The Zapp i300 can be configured to match any taste or style. Individuality is encouraged during the build process of every scooter, with a generous pallet of colours, comprehensive suite of carbon fibre components, different seating options and other useful storage and sporting accessories.
Swin Chatsuwan, Zapp Chief Executive said: “With air quality in cities worsening and our roads becoming increasingly congested, the world needs new alternatives to urban transport. With its revolutionary design, thrilling performance, and clean power source, we believe the i300 is the urban mobility solution people have been looking for.
“There are already electric scooters out there, so we only ever intended to bring something highly innovative and hugely desirable to the market. There is nothing like the Zapp i300, either from a design or functionality and practicality perspective. We are very proud of what we have created and think commuters will like it as well.”
4:European bike sales up 8.2%
Motorcycle sales in Europe have risen during the first nine months of 2018, improving by 8.2% compared to the same period in 2017.
The UK’s sales, up 3.7% to 83,155 during that time, lag slightly behind, but we remain Europe’s fifth-biggest market. Italy tops the charts (186,487 sales, up 5.7%), followed by France (146,275, up 10%), Germany (140,628, up 11.1%) and Spain (113,650, up 8%).
Only one EU country, Poland, has seen motorcycle sales decline so far this year.
To continue our electric theme, the sales of battery-powered bikes in the EU are up 52.8%, totalling 36,270 so far this year. It’s still a small proportion, but one that’s growing faster than any other part of the market.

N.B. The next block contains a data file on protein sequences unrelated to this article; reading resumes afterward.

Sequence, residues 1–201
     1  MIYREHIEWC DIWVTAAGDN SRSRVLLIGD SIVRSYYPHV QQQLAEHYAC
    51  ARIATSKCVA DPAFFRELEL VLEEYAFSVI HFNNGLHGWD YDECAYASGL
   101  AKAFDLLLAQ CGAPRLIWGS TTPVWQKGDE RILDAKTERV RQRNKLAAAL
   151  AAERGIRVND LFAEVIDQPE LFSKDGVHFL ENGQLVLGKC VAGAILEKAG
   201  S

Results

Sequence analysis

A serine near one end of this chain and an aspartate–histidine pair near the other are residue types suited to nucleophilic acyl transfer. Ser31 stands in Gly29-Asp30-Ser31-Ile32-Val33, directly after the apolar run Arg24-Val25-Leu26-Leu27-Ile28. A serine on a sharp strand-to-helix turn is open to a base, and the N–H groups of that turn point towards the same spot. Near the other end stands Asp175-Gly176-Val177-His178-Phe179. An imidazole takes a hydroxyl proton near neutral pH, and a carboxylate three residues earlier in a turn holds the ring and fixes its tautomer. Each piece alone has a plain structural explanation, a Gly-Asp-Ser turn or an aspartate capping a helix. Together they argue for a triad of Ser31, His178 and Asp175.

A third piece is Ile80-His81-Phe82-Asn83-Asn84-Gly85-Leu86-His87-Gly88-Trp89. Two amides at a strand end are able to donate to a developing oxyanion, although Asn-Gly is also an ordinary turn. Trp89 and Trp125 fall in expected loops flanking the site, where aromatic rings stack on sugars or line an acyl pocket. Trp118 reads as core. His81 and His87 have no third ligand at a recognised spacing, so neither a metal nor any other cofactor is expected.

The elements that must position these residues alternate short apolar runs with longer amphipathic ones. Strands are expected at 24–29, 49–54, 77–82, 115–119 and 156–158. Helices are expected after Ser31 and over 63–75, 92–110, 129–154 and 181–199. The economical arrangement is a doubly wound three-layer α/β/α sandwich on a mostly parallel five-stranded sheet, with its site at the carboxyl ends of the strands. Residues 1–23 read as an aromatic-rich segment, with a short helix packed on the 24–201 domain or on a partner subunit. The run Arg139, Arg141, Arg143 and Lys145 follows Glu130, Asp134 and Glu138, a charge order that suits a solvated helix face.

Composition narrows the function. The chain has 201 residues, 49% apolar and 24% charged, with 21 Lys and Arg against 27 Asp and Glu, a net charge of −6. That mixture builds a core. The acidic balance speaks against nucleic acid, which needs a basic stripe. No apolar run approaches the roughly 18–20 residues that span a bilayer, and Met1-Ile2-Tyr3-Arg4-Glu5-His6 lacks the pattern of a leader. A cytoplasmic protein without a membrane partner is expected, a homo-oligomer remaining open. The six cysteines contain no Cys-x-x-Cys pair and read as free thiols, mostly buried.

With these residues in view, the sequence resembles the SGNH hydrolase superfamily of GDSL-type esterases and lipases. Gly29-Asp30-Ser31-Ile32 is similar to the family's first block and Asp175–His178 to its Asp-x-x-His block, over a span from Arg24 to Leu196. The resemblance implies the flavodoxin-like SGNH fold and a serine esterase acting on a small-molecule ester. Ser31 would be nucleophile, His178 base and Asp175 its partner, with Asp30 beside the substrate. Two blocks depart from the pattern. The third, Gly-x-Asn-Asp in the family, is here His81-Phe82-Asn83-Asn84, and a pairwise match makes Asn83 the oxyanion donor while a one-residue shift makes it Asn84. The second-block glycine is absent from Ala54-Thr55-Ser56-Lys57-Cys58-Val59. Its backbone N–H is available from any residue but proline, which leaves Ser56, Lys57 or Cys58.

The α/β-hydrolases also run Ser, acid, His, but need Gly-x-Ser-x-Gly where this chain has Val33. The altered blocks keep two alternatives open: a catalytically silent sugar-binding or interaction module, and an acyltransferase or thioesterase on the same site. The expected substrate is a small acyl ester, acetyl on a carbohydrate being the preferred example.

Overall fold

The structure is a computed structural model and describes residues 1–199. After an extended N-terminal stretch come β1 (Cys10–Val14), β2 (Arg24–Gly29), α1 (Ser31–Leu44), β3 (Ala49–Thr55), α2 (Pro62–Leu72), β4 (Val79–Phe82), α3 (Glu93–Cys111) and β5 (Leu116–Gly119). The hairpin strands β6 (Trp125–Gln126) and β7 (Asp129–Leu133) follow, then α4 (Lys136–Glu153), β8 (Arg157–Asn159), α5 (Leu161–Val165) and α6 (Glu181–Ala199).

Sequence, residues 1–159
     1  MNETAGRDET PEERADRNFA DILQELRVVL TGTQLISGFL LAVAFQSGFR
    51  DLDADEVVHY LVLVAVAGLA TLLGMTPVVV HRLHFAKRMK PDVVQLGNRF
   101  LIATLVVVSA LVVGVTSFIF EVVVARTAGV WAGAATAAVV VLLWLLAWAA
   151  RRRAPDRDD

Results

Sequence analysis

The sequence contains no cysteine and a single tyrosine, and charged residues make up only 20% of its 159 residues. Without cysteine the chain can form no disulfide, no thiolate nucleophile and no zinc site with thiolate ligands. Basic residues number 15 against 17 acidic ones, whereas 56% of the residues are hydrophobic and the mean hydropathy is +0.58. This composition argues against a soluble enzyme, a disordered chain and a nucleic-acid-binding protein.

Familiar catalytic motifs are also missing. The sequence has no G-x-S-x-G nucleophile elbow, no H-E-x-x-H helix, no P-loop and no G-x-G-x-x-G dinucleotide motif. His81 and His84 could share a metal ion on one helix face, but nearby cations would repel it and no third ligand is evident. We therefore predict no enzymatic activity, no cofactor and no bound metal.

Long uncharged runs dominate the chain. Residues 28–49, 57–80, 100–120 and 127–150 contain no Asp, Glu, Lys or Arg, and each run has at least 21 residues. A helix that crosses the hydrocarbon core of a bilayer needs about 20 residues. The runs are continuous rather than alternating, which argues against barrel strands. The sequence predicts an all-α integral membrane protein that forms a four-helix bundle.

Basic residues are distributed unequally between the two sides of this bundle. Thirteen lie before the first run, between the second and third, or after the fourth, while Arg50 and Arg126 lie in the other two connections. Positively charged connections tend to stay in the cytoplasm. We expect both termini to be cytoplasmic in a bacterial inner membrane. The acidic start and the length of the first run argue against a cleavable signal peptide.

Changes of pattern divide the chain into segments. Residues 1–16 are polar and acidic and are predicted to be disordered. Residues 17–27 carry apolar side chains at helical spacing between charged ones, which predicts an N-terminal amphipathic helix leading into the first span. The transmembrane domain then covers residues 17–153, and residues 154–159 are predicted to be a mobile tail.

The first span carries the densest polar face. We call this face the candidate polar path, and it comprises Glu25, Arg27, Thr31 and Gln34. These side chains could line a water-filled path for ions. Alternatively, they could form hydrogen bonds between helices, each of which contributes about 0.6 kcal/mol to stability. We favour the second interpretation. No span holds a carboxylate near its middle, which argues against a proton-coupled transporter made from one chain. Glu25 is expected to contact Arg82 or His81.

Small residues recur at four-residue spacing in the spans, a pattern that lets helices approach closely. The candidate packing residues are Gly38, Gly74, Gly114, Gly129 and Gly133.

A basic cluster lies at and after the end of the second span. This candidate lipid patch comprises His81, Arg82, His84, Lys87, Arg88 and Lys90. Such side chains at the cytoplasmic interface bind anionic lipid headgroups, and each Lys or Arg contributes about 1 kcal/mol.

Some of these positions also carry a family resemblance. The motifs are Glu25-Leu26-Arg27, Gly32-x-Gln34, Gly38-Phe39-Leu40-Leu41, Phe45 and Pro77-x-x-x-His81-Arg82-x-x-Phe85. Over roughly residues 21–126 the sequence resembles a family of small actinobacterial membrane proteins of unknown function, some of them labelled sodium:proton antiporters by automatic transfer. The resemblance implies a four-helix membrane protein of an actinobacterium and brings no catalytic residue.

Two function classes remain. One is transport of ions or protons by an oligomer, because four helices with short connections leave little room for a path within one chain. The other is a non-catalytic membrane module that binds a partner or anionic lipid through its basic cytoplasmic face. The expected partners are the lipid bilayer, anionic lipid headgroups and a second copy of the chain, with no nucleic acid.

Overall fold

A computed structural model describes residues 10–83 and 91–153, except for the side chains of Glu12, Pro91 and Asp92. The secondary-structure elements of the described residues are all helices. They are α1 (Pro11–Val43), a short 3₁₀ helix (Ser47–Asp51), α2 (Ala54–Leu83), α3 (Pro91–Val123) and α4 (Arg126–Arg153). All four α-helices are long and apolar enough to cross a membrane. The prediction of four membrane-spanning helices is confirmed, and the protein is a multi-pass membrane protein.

At the other end of the scale, mopeds are suffering. Across the EU, sales of sub-50cc machines dropped by 26.1% to 209,562 compared to the same period last year. It’s thought that the decline could be largely due to city-bound commuters opting for electrically-assisted bicycles (like Ducati’s new MIG-RR, above) instead of mopeds. With no need for road tax or insurance, and performance that’s not too far shy of a moped, these electric machines form a fast-growing market, but one that’s hard to keep track of due to the fact that electric bicycles aren’t registered.
5: Suzuki to rebuild first ever RG500 at Motorcycle Live
Suzuki is to rebuild the first RG500 GP bike live on stage at Motorcycle Live later this month.
The G-54 is the machine that came before the famous XR14, and former GP mechanic Nigel Everett will be carrying out the rebuild.
In fact, the bike will be rebuilt twice during the show at the NEC, which runs from 17-25 November.
The plan is to rebuild it once over the first weekend, ready for a fire-up on stage on Monday 19 November, before stripping and rebuilding it all over again in time to start up a second time on the final day of the show, Sunday 25 November.
Suzuki GB’s aftersales co-ordinator, Tim Davies, said: “I think this is the most excited we’ve been for our Motorcycle Live feature build, and that’s saying something as we’ve managed to do some really cool projects in the past, from restoring a Kevin Schwantz RGV500 to building a brand new TL1000S from parts. But this bike – the G-54 – is a really rare and really special thing. It paved the way for Suzuki’s return to Grand Prix racing and spawned the bikes that took Barry Sheene to world championship glory and was raced by some incredible riders in its day. It is probably one of the most important bikes from our history, so to not only be able to restore it using our Vintage Parts Programme but do so with the likes of Martyn Ogborne and Nigel Everett is really special.”
The G-54 was created in 1973 as Suzuki prepared to return to top-level GP racing in 1974 after a five-year hiatus. Barry Sheene rode it to 2nd place in its first ever race, at Clermont Ferrand in France in April 1974, and during the year it was ridden by Sheene, Paul Smart and Jack Findlay.
Paul Smart will be on hand at both weekends of the NEC show during the rebuild.